Burke’s law is just about right at Hitchin

Mark_Burke (428x284)When Mark Burke was appointed manager of Hitchin Town, some of the Canaries’ regulars felt that the club had gone for an “easy option” in appointing a man who has been roaming the corridors of Top Field for more than a quarter of a century.

In the past, the Canaries had made a number of what can be termed, “experimental appointments” of relatively untried managers – witness Darren Salton, Darran Hay and Carl Williams. That said, the best spell for the club over the past 25 years was due to a man who had precious little senior football experience, Andy Melvin.

The only genuinely experienced non-league manager to be installed at the club since the 1980s was Colin Payne, and it’s no coincidence that of all the men who have filled the role, Payne is the only one to move on to a new job when he left the club.

So when Burke was given the task of leading a local institution he had served so loyally since 1985, there were a few sceptics. But those same people are being force to eat their words as they glance at the league table. The Canaries are poised to have their best season since joining the Southern League in 2004.

Burke cut his teeth on relegation battles, so he knows how to scrap his way out of trouble, and he’s had to call on that durability at times in 2013-14. The pre-season programme, for example, was horrendous and threatened to derail the new regime before it got off the ground. A series of morale-sapping defeats, notably a ragged display at Dunstable, sent Burke and his assistant, Adam Parker, racing back to the drawing board on the eve of the season. “That was my low point,” says Burke. “Parks was on holiday, I felt all alone and I realised a couple of people had to go.”

Summer blows

That didn’t include Ryan Frater, a key summer signing who was supposed to be the centrepiece of the new-look Hitchin. Burke saw Frater as a signal to the fans that the club was on the move after a troubled close-season. “We had lost John Frendo and Lawrie Stewart, after trying desperately hard to keep them, and we needed a big name to demonstrate we were still in business, so it was very disappointing to lose Frater,” recalls Burke.

Frater left on the eve of the campaign, surely severing all ties with a club that had nurtured him from a teenager. Burke went into the new season, in his own words, “a bit nervous” as the opening day visitors were title favourites Hemel Hempstead. “We played well and I think we caught them on the hop. But a 2-0 was a major boost to us and helped steady things.”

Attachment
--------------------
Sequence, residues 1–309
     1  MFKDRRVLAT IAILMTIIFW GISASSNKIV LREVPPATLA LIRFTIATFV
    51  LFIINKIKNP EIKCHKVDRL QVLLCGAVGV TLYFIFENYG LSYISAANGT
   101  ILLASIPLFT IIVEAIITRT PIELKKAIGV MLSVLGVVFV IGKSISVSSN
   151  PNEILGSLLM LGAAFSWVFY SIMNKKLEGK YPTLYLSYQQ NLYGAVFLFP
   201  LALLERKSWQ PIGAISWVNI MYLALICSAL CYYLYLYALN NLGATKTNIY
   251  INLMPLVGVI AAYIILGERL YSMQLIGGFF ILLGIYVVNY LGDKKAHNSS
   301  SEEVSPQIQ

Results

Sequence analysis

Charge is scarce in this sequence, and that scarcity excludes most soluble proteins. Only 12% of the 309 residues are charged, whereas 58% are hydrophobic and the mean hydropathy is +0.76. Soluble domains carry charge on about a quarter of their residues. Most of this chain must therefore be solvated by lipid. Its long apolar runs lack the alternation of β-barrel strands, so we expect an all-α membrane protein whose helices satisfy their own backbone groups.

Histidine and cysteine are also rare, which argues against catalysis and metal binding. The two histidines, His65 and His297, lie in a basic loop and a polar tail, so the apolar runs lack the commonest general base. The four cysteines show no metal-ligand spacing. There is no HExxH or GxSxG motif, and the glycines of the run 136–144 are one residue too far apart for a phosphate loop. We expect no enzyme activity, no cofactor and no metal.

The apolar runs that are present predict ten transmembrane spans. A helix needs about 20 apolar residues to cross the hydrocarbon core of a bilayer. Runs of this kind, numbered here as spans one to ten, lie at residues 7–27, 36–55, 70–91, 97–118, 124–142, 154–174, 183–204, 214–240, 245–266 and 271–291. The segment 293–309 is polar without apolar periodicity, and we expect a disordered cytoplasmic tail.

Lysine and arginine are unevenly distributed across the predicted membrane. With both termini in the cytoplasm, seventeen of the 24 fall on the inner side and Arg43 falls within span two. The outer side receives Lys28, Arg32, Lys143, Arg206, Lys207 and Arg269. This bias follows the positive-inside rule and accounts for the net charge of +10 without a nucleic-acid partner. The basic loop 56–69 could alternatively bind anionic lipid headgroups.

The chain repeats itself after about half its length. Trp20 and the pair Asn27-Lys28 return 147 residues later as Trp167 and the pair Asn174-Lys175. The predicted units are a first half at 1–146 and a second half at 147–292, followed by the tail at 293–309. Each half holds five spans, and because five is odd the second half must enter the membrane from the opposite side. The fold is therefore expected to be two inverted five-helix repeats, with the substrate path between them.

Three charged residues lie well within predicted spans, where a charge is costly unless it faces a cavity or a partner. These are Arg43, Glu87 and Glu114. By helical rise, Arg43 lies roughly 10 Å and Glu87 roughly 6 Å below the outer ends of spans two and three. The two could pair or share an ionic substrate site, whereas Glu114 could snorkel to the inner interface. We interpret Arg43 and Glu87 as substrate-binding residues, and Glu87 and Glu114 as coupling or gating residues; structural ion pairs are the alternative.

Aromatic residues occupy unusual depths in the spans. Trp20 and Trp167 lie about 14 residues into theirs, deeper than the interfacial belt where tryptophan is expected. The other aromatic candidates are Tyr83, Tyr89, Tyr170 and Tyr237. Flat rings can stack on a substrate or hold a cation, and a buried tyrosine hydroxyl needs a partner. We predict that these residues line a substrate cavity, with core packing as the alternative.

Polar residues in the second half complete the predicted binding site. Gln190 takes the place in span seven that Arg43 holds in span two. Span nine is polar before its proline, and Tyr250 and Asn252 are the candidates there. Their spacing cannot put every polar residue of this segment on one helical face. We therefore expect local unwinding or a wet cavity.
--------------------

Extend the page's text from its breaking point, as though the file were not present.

The early games also saw the development of the 4-2-3-1 system that Burke and Parker have sworn by all through the campaign. Apart from the early exits in the FA competitions, the management team has been pleased with the team’s performances since day one. “We’ve had a couple of below-par performances, but overall, I have to be pleased. This is a very young team but they are genuinely learning from their mistakes.”

The squad is possibly the youngest seen at Top Field since the days when Alan West rolled out a bunch of raw and promising youth players in the 1980s. Parker enticed a trio from Chesham – Lewis Rolfe, Sam Barker and Matt Lench  – and they have all settled in well. Furthermore, players like Stuart Pearson and Dan Webb have been a revelation at the back and Michael Noone has come on since last season in midfield. Burke made the precocious Callum Donnelly skipper and this has seen the talented card-collector mature as an individual. Put simply, if Donnelly doesn’t play well, then Hitchin struggle. Burke knew he couldn’t rely solely on youth and brought Simon Martin, a player who had scored a few goals against the Canaries in his time, to the club to add experience to the team. “Ideally, we would like to add another one like Simon,” he says. At times, Hitchin have played some outstanding football this season and the supporters have been quick to show their appreciation.

Three As

What has really pleased Burke has been the work-ethic and togetherness of his young team. The former Canaries captain sounds like a management consultant when he rolls-out his three principles to the approach he wants his players to take. He calls them his “three As – Ability, Attitude and Application”. He explains it far simpler than a white-board guru from a US business school. “If you have the right attitude and you’re prepared to apply yourself, the ability will show through,” he says. Simple.

So far, the Canaries are showing that they know the three As quite well. The next stage will be to take the team from A to B. Burke said at the start of the season he wanted to better the 13th place of 2012-13. It’s looking good – six straight wins earlier this season suggested there’s considerable ability in the squad. Mark Burke and Adam Parker created a few records of their own as players – “Burkey” made over 700 appearances and captained the club’s FA Cup giant-killing team. “Parks” scored over 100 goals, and not many players do that. They could be setting some new landmarks as a management team in 2014.

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